ANKARA -Officials from the Danish State Prosecutor's Office and the Copenhagen police were in Ankara on Thursday and Friday as part of an ongoing investigation into the broadcasts of Roj TV, Denmark's ambassador to Turkey confirmed yesterday.
The visit comes after a recent telephone conversation between Prime Minister Recep Tayyip Erdoğan and his Danish counterpart, Anders Fogh Rasmussen, who was openly informed of Ankara's opposition to his prospective candidacy as the next NATO chief.
In order to be named NATO secretary-general at a summit to be held April 3 and 4 in Strasbourg and Baden, the Danish prime minister has to win Turkish support, as the alliance's leadership positions are filled by consensus among the 26-nation military pact.
Denmark's refusal to revoke Roj TV's license is a source of concern for Ankara, and the Danish prosecutors' arrival led to speculations that Rasmussen was backing away on Roj TV in order to secure his NATO bid. The prosecutors' visit was "pre-planned," Danish Ambassador to Ankara Jesper Vahr told the Hürriyet Daily News & Economic Review, without elaborating. This marks the second visit by the prosecutors, who first held talks with Turkish officials in April last year.
Frustrated by the broadcasts from Denmark, Turkey has worked through diplomatic channels since 2004 to obtain closure of Roj TV. Denmark says an investigation is still underway and the judiciary will make the final decision on the TV station's fate. Diplomatic sources said Turkish officials provided more documentation a couple of weeks ago that was fully in accordance with what Danish authorities had requested.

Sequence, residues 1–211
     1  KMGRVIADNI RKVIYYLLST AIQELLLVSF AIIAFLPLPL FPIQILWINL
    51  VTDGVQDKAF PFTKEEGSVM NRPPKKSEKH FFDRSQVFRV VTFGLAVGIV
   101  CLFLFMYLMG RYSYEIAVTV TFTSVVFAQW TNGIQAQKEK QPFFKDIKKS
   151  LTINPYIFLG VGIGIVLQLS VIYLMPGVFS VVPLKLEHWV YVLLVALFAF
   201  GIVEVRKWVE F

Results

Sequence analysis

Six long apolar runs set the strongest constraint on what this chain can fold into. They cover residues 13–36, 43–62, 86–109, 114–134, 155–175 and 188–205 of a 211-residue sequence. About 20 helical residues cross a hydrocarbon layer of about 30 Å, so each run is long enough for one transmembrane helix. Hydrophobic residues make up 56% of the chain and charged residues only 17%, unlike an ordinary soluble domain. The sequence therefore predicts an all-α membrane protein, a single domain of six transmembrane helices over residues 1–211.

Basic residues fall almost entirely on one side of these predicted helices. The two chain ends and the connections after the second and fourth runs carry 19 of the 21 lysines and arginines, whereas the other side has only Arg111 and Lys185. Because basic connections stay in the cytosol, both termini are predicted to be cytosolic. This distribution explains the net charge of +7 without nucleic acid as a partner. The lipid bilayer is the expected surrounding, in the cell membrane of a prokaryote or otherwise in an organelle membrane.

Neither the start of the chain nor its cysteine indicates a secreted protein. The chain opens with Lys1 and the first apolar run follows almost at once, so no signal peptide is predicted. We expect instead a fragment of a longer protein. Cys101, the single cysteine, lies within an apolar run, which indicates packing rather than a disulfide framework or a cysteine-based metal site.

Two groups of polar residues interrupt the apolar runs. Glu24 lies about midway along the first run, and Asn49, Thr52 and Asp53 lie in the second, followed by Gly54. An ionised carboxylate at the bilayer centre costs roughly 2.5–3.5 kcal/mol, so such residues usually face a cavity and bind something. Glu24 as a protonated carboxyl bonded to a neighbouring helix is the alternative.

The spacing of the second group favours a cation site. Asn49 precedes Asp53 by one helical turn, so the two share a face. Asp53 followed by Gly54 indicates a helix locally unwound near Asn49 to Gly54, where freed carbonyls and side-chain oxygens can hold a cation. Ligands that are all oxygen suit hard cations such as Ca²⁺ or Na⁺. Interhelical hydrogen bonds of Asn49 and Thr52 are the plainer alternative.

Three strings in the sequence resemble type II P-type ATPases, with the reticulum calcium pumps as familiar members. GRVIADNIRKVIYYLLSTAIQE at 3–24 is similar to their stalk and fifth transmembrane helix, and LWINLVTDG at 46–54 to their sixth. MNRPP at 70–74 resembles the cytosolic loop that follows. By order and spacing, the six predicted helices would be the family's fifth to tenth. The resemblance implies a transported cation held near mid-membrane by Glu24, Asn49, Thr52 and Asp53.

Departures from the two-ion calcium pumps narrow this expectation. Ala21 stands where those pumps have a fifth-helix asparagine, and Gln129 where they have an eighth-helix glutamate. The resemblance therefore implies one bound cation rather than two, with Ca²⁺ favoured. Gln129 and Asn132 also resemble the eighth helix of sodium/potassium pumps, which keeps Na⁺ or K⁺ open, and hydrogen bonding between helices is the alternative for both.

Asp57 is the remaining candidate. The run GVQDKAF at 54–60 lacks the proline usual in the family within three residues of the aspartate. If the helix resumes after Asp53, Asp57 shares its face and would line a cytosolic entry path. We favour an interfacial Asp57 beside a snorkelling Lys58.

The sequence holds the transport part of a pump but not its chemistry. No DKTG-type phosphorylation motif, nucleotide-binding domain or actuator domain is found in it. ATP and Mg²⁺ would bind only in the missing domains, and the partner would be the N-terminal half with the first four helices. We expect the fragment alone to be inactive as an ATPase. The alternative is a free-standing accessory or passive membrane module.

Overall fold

Any decision appears likely to take some time amid the ongoing investigation, but a major step by Denmark to revoke Roj TV's license would depend on the quality of the evidence provided by the Turkish side, according to diplomatic sources. In Denmark, the prosecutor generally needs to have non-circumstantial evidence and the confidence that a conviction can be attained before filing a press-related case. The sources said Denmark was keen to investigate the matter, but that prosecutors would have the final say on whether or not to proceed to open a case against Roj TV broadcasts for violating Danish law.
Ankara's objection to the Danish leader taking the prestigious NATO seat is also based on his refusal to apologize for a 2006 uproar over cartoons of the Prophet Mohammed. In a televised interview over the weekend, Erdoğan explicitly said some leaders of Muslim states called to ask him to block Rasmussen's NATO bid. Erdoğan said he told Rasmussen he would not contradict his party's principles. Rasmussen will be in Istanbul next week to attend the U.N.-sponsored Alliance of Civilizations summit on April 6 and 7.